7. The suspected cardiac activity described in this case proved to be futile as prolonged resuscitation did not change outcome. While ROSC sensitivity is supported from 34% to 79% in adult studies, using POCUS as a reliable predictor of outcome during cardiac arrest is not clear in the pediatric literature.[3,7] Therefore POCUS should be used as an adjunct to further guide medical decision at the bedside during resuscitation.  Nevertheless, previous study showed a higher ROSC rate (>50%) in patients with detectable cardiac activity on ultrasound while poor in those lack detectable cardiac activity.[9]

Pearls and Pitfalls

  1. POCUS is a great tool during cardiac resuscitations. Clinicians should be mindful not to rely on POCUS in isolation during cardiac arrest, but rather as an adjunct to the overall clinical assessment.[4]
  2. In cardiac arrest, an organized cardiac activity on POCUS may encourage continuation of resuscitation, but an absence can conversely lead to inappropriate termination of resuscitation.
  3. It is important to consider that the greater risk of misinterpreting absence of cardiac activity does not appear to be missed because the outcome of the resuscitations is very poor. The greater risk may be the impact it has on patients, providers and systems at risk when there is ROSC to a patient who may not survive.[5]
  4. Avoid a prolonged time of assessment during pulse checks. Develop an approach that minimizes hands-off time. This can include having a team member count down an estimated 10 seconds from the chest compression pause or recording a clip of the image for subsequent review while the resuscitation is ongoing.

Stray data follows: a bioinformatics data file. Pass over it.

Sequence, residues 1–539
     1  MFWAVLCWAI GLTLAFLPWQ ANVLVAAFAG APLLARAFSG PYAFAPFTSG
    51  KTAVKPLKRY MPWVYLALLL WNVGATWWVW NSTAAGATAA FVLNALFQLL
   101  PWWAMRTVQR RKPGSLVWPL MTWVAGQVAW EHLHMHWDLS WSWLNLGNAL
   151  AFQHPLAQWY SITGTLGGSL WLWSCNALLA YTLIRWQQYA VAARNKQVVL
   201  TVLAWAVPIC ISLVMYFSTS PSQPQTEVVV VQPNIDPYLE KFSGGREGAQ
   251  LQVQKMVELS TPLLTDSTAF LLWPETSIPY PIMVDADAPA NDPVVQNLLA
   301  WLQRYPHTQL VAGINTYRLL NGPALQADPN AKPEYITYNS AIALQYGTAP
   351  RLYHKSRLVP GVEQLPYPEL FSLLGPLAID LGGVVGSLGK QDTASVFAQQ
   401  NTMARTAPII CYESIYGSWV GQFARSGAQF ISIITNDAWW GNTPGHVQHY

5. Integration of POCUS in the hands of an experienced provider can also augment resuscitation in cardiac arrest by evaluating quality of compressions, allowing rapid diagnosis of reversible causes, monitoring response to treatment and providing prognostic information for the possibility of ROSC and survival.[6]


  1. Hazinski MF, Nolan JP, Aickin R, et al. Part 1: Executive Summary: 2015 International Consensus on Cardiopulmonary Resuscitation and Emergency Cardiovascular Care Science With Treatment Recommendations. Circulation. Oct 20 2015;132(16 Suppl 1):S2-39. doi:10.1161/CIR.0000000000000270
  2. Long B, Alerhand S, Maliel K, Koyfman A. Echocardiography in cardiac arrest: An emergency medicine review. Am J Emerg Med. Mar 2018;36(3):488-493. doi:10.1016/j.ajem.2017.12.031
  3. Lalande E, Burwash-Brennan T, Burns K, et al. Is point-of-care ultrasound a reliable predictor of outcome during atraumatic, non-shockable cardiac arrest? A systematic review and meta-analysis from the SHoC investigators. Resuscitation. Jun 2019;139:159-166. doi:10.1016/j.resuscitation.2019.03.027
  4. Clattenburg EJ, Wroe P, Brown S, et al. Point-of-care ultrasound use in patients with cardiac arrest is associated prolonged cardiopulmonary resuscitation pauses: A prospective cohort study. Resuscitation. Jan 2018;122:65-68. doi:10.1016/j.resuscitation.2017.11.056
  5. Huis In ‘t Veld MA, Allison MG, Bostick DS, et al. Ultrasound use during cardiopulmonary resuscitation is associated with delays in chest compressions. Resuscitation. Oct 2017;119:95-98. doi:10.1016/j.resuscitation.2017.07.021
  6. Hu K, Gupta N, Teran F, Saul T, Nelson BP, Andrus P. Variability in Interpretation of Cardiac Standstill Among Physician Sonographers. Ann Emerg Med. Feb 2018;71(2):193-198. doi:10.1016/j.annemergmed.2017.07.476
  7. Reynolds JC, Issa MS, T CN, et al. Prognostication with point-of-care echocardiography during cardiac arrest: A systematic review. Resuscitation. Jul 2020;152:56-68.
  8. Rabjohns J, Quan T, Boniface K, Pourmand A. Pseudo-pulseless electrical activity in the emergency department, an evidence based approach. Am J Emerg Med. 2020 Feb;38(2):371-375. doi: 10.1016/j.ajem.2019.158503. Epub 2019 Oct 14. PMID: 31740090.
  9. Ávila-Reyes, D., Acevedo-Cardona, A.O., Gómez-González, J.F. et al.Point-of-care ultrasound in cardiorespiratory arrest (POCUS-CA): narrative review article. Ultrasound J13, 46 (2021). https://doi.org/10.1186/s13089-021-00248-0


Dr. Soriano is an Assistant Professor of Clinical Medicine at Indiana University School of Medicine.

Dr. Nti is an Assistant Professor of Emergency Medicine and Pediatrics at Indiana University School of Medicine. He is the director of pediatric point-of-care ultrasound for Riley Hospital for Children at Indiana University Health.